• Marina Catallozzi, MD, Assistant Professor of Clinical Pediatrics, College of Physicians & Surgeons of Columbia University and Assistant Professor of Population and Family Health, Mailman School of Public Health, Columbia University

The long term goal of this project is to develop and test an intervention to decrease inappropriate antibiotic use for URI in children among recently immigrated Latino community members, based on the CDC action plan to combat antimicrobial resistance.

Thrasher Research Fund--New Researcher Award
Title: Persistence of Antibiotic Resistance Organisms in the Gastrointestinal Tract of Neonates: A Pilot Study
PI: Sameer J. Patel, MD, Clinical Fellow, Department of Pediatrics, Division of Infectious Diseases, Columbia University Medical Center
Mentor: Lisa Saiman, MD, MPH, Professor of Clinical Pediatrics, Department of Pediatrics, College of Physicians & Surgeons of Columbia University

The goal of this study is describe the rate of persistence of gastrointestinal antibiotic resistant organism (ARO) carriage in infants known to be colonized at discharge from the NICU to the community; determine risk factors for long term colonization (≥ 3 months); and to determine if AROs are transmitted between infants and mothers.

Grant # R01 NR010821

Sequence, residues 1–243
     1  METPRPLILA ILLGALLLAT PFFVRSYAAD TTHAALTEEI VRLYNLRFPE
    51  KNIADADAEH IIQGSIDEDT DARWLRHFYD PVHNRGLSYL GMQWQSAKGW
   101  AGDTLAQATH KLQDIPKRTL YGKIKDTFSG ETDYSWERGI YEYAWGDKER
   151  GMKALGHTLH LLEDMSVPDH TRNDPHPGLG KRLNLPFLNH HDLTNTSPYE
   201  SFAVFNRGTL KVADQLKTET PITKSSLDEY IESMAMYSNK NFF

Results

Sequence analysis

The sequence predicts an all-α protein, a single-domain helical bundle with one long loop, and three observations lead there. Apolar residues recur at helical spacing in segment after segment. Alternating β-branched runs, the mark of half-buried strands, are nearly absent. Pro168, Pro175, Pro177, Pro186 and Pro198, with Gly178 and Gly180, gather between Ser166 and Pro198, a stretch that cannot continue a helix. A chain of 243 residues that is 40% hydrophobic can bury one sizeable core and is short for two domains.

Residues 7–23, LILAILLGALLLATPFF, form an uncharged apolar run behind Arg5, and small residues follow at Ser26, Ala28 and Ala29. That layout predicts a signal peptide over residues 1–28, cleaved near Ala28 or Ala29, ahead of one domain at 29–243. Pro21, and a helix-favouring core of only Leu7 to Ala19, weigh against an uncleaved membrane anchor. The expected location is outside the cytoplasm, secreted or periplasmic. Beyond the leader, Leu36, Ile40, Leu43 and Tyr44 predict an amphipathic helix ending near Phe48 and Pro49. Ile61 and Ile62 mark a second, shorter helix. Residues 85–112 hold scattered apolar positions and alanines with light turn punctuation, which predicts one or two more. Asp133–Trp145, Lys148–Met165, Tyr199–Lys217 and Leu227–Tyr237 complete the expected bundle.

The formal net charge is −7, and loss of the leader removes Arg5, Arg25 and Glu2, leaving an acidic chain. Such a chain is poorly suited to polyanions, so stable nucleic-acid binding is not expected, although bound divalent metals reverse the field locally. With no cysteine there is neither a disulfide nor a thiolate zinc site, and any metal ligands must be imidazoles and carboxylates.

Title:
Improving Antimicrobial Prescribing Practices in the Neonatal Intensive Care Unit
PI: Lisa Saiman, MD, MPH, Professor of Clinical Pediatrics, Department of Pediatrics, College of Physicians & Surgeons of Columbia University

The long-term objectives of this clinical trial are to reduce antimicrobial resistance by implementing innovative interdisciplinary interventions aimed to improve antibiotic prescribing practices in the neonatal intensive care unit and thereby define the optimal interventions for this population.

Grant # TS-1431 (5 U50 CD3000-860-21)
Title:
Impact of Automated Surveillance on MRSA Isolation
Co-PIs: Maryam Behta, PharmD, Director, Quality Research and Technology Utilization, Department of Information Services, NewYork-Presbyterian Healthcare Medical Centers, and Elaine Larson, RN, PhD, Professor of Therapeutic and Pharmaceutical Research, Columbia University School of Nursing and Professor of Epidemiology, Mailman School of Public Health, Columbia University

Despite the fact that CDC publishes recommendations to prevent transmission of multiply-drug resistant organisms, the extent to which these are actually practiced is unclear. This project will test the impact of an automated surveillance system on the monitoring of and compliance with isolation precautions to prevent the spread of a major healthcare-associated pathogen, methicillin-resistant Staphylococcus aureus.

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2007

Grant # R01 CI000537
Title:
Applied Research in Antimicrobial Resistance: Studies of Susceptibility Testing on Gram-negative Multidrug Resistant Organisms
PI: Lisa Saiman, MD, MPH, Professor of Clinical Pediatrics, Department of Pediatrics, College of Physicians & Surgeons of Columbia University